As the long-awaited meeting came to a close, I watched my coworkers exchange enthusiastic glances. In response to high turnover rates, my employer finally listened to its employees and granted five more vacation days, rewards for good attendance, a company-wide pay increase and a better 401(k) plan, in addition to continuing to provide free health insurance to us and our families for at least another year.
I was happy, too. Who wouldn’t be?
After the initial excitement settled down as everyone returned to their cubicles or fork trucks, I started reflecting on the last nine years that I have worked here and how many mindset changes I have gone through regarding my job. From a 20-year-old who just wanted a set schedule and a paycheck to a 23-year-old devoted employee climbing the ladder and traveling constantly with my business credit card in hand, to a disgruntled 26-year-old feeling trapped, to now – almost 29 with dreams of freedom and plans to get it.
All in all, I like my job. As I mentioned before, the benefits and pay are great and the free health insurance is almost unheard of today. I do not deal with the public at work or even that many people in general, which is a saving grace for an extreme introvert. I’m not micro-managed. Actually, I’m hardly even managed. I have my own space where I can listen to music and podcasts all day, hang out on Instagram with fellow goal-setters, write blog posts and design charts to track my personal finance goals. My direct boss spends a lot of his time working on his own personal goals and therefore doesn’t mind that I work on my own at work. I have a set schedule of 8 AM – 5 PM Monday through Friday, I’m close to home and I’m paid weekly. I’m very grateful for my job.
However, when I get home to my favorite person, I have nothing to add to the conversational review of our days, where he tells exciting stories of working important cases, solving crimes, chasing bad guys and being an everyday hero. Is that the lifestyle I desire? Never in a thousand years, but the passion my husband has for his career is envy-inspiring. I sometimes wonder if I bore him by not having anything worth mentioning after my day, which mostly consists of writing work procedures, building spreadsheets and answering questions of the office workers in distribution centers across the country.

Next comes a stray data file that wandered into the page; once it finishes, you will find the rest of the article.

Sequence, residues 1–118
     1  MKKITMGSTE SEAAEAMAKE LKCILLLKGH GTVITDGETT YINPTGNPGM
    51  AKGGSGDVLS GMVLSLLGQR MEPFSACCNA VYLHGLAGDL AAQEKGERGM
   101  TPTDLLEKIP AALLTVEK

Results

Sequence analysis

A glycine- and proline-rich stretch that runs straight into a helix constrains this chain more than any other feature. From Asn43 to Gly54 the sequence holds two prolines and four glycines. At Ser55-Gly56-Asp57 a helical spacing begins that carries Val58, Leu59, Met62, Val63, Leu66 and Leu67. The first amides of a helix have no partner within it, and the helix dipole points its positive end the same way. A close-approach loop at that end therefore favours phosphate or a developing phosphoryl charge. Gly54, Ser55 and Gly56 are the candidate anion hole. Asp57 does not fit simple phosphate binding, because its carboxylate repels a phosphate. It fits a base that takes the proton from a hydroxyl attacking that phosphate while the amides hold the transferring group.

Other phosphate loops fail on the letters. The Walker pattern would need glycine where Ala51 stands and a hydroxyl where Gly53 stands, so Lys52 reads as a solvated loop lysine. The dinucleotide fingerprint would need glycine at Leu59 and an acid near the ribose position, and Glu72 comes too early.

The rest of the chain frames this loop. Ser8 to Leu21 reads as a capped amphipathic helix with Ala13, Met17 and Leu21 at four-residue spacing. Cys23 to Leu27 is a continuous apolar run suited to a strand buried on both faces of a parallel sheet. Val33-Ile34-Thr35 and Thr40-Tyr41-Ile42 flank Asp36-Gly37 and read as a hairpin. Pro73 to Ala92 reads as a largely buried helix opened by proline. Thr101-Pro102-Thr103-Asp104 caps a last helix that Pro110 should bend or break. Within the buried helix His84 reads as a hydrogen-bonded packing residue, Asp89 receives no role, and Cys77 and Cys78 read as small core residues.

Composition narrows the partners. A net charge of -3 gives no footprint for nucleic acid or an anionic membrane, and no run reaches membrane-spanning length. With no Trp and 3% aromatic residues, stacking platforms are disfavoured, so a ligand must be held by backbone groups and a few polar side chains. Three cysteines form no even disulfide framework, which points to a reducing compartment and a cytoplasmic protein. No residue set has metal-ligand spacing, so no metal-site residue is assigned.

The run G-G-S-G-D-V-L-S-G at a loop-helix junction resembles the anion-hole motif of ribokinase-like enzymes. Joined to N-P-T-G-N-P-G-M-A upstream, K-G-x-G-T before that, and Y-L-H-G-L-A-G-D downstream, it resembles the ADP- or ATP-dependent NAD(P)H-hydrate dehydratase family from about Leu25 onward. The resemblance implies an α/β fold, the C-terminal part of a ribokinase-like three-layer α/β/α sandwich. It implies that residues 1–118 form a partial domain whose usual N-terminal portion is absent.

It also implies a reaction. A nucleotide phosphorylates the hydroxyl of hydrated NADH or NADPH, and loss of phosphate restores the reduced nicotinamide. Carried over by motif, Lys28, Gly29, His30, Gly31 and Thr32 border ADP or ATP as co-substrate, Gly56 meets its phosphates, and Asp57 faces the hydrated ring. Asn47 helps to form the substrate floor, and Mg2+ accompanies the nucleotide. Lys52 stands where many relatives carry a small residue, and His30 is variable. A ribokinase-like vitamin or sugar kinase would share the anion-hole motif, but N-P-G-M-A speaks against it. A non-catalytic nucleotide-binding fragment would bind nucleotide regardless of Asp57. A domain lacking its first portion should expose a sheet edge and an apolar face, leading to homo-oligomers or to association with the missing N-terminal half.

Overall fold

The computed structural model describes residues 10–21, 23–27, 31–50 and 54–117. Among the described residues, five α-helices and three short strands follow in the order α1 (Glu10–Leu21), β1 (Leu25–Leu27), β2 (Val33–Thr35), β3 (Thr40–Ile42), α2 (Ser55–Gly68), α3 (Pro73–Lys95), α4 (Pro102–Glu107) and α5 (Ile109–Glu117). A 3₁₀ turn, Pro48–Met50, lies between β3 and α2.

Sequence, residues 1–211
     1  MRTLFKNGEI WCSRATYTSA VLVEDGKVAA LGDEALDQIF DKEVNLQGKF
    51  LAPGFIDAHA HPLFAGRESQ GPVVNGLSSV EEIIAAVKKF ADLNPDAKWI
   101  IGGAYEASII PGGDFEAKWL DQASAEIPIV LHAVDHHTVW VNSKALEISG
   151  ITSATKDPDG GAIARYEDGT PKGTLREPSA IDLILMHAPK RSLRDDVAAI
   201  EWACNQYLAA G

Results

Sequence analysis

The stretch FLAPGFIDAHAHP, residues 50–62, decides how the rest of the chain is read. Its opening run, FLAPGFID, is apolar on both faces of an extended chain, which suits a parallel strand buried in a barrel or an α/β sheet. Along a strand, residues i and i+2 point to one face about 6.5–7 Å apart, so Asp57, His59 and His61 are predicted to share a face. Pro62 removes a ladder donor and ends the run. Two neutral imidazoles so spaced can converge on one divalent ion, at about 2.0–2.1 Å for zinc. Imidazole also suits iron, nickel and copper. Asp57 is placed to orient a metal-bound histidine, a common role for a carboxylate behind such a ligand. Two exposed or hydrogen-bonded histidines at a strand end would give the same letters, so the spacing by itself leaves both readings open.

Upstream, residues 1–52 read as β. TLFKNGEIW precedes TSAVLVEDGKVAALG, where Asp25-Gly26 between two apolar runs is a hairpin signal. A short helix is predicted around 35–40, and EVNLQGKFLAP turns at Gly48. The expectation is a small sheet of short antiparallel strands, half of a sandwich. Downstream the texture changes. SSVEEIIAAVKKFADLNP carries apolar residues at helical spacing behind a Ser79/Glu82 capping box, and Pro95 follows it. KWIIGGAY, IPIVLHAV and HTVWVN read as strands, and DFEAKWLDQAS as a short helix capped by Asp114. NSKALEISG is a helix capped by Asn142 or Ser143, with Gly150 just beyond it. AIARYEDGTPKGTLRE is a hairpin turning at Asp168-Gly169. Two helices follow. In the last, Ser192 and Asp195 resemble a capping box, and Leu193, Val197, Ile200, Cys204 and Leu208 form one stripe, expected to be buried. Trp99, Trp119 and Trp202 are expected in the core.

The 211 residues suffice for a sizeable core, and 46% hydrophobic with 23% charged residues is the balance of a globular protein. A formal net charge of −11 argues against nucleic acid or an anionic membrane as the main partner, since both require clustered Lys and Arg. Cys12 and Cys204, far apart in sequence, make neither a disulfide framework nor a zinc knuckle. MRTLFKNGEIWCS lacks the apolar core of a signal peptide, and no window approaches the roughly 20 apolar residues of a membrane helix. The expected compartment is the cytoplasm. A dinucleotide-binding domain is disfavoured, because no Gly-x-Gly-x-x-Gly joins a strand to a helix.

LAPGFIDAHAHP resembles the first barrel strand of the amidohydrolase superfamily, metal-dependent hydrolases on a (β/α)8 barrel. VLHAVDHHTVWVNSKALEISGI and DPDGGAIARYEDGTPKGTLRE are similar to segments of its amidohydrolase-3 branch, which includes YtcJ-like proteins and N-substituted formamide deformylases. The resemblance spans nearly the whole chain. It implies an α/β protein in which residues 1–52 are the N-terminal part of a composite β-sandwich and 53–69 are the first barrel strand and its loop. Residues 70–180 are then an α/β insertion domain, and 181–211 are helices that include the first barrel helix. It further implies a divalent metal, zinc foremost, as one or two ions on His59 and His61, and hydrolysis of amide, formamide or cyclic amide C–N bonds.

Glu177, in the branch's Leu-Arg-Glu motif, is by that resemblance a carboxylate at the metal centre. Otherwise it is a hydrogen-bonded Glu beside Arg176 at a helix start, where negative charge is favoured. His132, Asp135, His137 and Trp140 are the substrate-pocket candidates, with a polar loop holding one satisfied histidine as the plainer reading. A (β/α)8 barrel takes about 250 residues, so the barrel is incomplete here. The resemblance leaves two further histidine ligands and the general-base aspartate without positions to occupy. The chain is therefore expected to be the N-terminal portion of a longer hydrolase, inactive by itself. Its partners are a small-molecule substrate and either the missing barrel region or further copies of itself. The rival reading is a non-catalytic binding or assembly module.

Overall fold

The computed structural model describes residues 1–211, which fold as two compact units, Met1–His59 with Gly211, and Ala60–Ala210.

I could write a list of things I don’t enjoy about my job, as could anyone who has a job, and I’m positive that their lists would be a lot longer and more serious. Being a young, attractive woman in a sheet metal fabrication company dominated by ego-driven men presents obstacles in itself, in addition to the growing pains of a rapidly growing company who does not have the number of employees necessary to alleviate the strain. I could list the typical annoyances of working in an office environment, including the cattiness of the women, the high expectations without adequate training and a definite lack of communication from our corporate office.
Most people would tell me to leave. “If you’re unfulfilled and unsatisfied, leave.” “If you don’t love what you do, you shouldn’t be doing it.” But if I got another job, would that take care of the list of cons, or would I just exchange one set of problems for another? The work lives of my coworkers and I just improved exponentially last week, but they’re already complaining about petty things again, and I’m writing a blog post about not loving my job.
Because when it comes down to it, you can give me 10, 15, 20 more vacation days, add a couple thousand to my salary, give me hundreds of dollars in gift cards for perfect attendance, and I still will not be satisfied. When freedom is what you value and desire more than anything and you finally realize that it is attainable, no job can satisfy you.
I don’t want to be given anything. I don’t want someone else deciding how many days I can have to do as I please. I don’t want to be approached by coworkers every year who ask if I have heard if our annual companywide raise will be 50 or 75 cents, and I do not want an award for being a good girl and showing up on time every day. I don’t want to look back at my life and see that the majority of it was spent alone in my small cubicle, looking forward to my 30 minute lunch, the few hours I get to hang out with my family after work, and the two out of seven days per week that I get to do what I want. I don’t want to get handed an allowance after a week of doing my chores. I don’t want to spend my life being a part of someone else’s machine.
And because of this, I am so grateful that I don’t love my job. I am grateful to not fit in with any of my seven coworkers. I’m grateful to only have 30-minute lunches and to work for a company that manufactures products that I have no interest in. I’m grateful for the men who do not take me seriously most of the time and for every eye that has rolled at my suggestions.
If it wasn’t for these things, I wonder if I would be comfortable enough to settle for a mediocre life of working 8-5, gossiping with coworkers about office politics and complaining about lack of appreciation, all while increasing my lifestyle to match every raise I was given until I retired at 65, if at all.
So, as my coworkers hand in vacation slips with new plans for one-week beach vacations, I am planning my permanent vacation from the rat race. From being told what to do by people who think very highly of themselves for being related to the owners of our small company while wearing overly expensive attire and financing luxurious vehicles. From depending on other people to maintain my livelihood. From feeling like I need to look busy at all times. From the redundant greetings of “Good morning” and “See you tomorrow” that start and end my workday, only broken up by the weekly “Happy Friday!” From exchanging my precious time for money. From being average. From mediocrity. From settling.